In 2020, we are bombarded by information from thousands of sources. Although this affords everyone the opportunity to stay on top of trends, opinions, and market data, it can be challenging to filter out relevant insights from the noise. In particular, developers and founders have thousands of sources of knowledge and information at their fingertips but need to cut through to the essential messages quickly to make game-time decisions on product development and business strategy.
In this post of the #BuiltWithMongoDB series, we sat down with Vincent Denise, CEO and co-founder of Threader, to discuss the company’s rapid growth and experience working with MongoDB. Threader is the first iOS Twitter client to read and bookmark tweetstorms, also known as “threads.” It helps Twitter users to read long-form tweets in an article format so they can consume the content without distraction.
Let's start at the beginning. How did you come up with Threader?
Back in 2017, my partner Marie and I left Paris to become digital nomads. We were closely tracking trends in content and became certain that threading on Twitter was not a phase but rather an integral new way to communicate in the age of microblogging.
People we talked to were looking for an alternative reading experience. At the time, the Twitter UI was different and tweetstorms were hard to read natively. We decided to build an iOS prototype featuring interesting content in this format, allowing users to convert Twitter threads in an article format, and bookmark them.
Fortunately, Threader was spotted by Chris Messina (inventor of the hashtag). He motivated us to launch on Product Hunt, and Apple featured us as an App of the Day. These two events boosted our visibility.
Since the beginning, we have bootstrapped Threader. We are a team of two and there are only 24 hours in a day, so we have to be wise about how we manage our time and the way we define our priorities.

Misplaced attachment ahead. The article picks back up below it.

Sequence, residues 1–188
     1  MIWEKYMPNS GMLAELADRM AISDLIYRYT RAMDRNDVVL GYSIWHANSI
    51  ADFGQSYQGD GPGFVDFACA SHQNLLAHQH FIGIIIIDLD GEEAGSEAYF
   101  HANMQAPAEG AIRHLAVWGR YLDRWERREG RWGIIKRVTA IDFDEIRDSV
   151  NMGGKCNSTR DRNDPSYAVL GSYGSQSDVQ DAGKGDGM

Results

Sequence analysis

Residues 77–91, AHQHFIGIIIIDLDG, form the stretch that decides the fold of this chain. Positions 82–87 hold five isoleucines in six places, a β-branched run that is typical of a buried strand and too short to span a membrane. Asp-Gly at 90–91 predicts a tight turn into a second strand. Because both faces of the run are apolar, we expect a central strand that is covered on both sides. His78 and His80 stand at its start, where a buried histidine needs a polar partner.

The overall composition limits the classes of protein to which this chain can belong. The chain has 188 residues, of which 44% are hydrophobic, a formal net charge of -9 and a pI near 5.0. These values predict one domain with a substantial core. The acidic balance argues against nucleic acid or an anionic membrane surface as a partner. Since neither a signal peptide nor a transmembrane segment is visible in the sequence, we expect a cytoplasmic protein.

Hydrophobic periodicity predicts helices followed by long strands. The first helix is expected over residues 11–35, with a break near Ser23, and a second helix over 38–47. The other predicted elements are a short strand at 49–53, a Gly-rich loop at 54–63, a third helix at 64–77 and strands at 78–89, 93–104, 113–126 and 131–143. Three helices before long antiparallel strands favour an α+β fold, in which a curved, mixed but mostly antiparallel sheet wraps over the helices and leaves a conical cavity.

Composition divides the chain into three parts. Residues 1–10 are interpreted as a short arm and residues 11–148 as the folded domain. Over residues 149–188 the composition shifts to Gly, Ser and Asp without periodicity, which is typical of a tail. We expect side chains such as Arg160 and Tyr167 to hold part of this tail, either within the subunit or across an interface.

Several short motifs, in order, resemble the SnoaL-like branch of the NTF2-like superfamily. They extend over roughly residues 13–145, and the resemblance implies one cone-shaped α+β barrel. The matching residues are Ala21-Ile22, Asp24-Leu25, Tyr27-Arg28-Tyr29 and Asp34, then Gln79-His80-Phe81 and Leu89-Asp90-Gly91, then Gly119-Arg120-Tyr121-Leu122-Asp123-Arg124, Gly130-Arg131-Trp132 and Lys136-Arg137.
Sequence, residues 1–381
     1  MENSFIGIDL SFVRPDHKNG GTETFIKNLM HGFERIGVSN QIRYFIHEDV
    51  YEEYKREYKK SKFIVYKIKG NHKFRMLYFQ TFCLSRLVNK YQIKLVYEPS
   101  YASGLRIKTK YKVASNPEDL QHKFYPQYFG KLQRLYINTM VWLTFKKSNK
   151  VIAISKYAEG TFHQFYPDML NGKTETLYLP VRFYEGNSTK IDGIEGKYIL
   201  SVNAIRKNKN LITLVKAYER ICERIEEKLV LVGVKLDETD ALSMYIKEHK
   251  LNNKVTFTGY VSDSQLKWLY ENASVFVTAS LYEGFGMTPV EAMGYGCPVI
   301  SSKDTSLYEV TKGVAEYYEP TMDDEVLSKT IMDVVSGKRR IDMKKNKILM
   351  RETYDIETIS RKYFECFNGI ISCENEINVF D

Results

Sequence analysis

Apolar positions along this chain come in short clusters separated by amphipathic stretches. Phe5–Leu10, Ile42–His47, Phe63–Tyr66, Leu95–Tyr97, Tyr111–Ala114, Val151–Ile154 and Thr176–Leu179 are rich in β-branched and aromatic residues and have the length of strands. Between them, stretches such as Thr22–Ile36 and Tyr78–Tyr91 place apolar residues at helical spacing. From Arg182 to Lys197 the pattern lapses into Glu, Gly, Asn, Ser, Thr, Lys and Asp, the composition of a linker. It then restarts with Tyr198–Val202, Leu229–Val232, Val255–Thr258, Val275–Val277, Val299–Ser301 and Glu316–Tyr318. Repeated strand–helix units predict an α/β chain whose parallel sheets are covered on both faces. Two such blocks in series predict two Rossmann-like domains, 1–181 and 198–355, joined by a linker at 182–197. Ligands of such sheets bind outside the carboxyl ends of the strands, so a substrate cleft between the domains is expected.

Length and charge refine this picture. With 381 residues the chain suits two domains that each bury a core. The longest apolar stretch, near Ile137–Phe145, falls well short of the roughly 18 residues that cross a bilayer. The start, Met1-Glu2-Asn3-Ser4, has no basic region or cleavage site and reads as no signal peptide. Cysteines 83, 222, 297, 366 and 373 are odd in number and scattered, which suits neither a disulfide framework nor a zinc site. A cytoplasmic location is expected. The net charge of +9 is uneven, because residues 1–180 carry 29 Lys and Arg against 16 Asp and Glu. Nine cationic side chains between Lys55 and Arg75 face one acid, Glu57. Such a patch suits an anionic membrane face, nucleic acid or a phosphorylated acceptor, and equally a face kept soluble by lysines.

How did you choose to build with MongoDB?
Before becoming an entrepreneur, I was a developer for a Parisian agency. One of the projects I worked on was an immersive game for a French television channel. We needed scalability and high performance, which brought me to learn more about NoSQL. I was switching programming languages and started to code with Node.js. MongoDB was often presented as a good pair to manage databases. At the time, I also read about MongoDB helping Foursquare with auto-sharding. MongoDB seemed to answer my needs and to be a perfect fit, which led me to implement it for the first time. Since then, it’s my go-to solution and I used it in a range of projects.
When I started building Threader, I knew that our database would grow beyond the scope of our previous projects. We wanted the ability to manage large amounts of data easily, and MongoDB seemed like the obvious choice for scale while maintaining flexibility to accommodate the continuous delivery of new app features.
We use database clusters on MongoDB Atlas, the fully managed and automated cloud service. With Atlas, time management is reduced and it’s reliable in the long term; I don’t have to be worried about the scaling issues. I know Threader’s infrastructure is between good hands and that Atlas always keeps an eye on production.
We also need to provide fast and efficient access to search more than 2 million threads, so we make use of MongoDB’s secondary indexes to give our users incredibly fast performance. We constantly measure engagement, so MongoDB Charts gives us an easy way to visualize complex data and allows us to track user growth and threads stored.
How has the MongoDB for Startups program affected Threader and your product's journey?
As every founder knows, the startup journey is stressful — especially for indies, since we mostly rely on our paid users to earn an income. To establish a stable infrastructure that can provide such a crucial role in our livelihood, we turned to MongoDB for Startups.
Technical advice from MongoDB saved us a lot of time, especially when we encountered unexpected growth issues. We had thousands of visitors on our website regularly, so we needed quick debugging support, which MongoDB consistently provided. I learned a lot from the program, and made valuable connections across the community.
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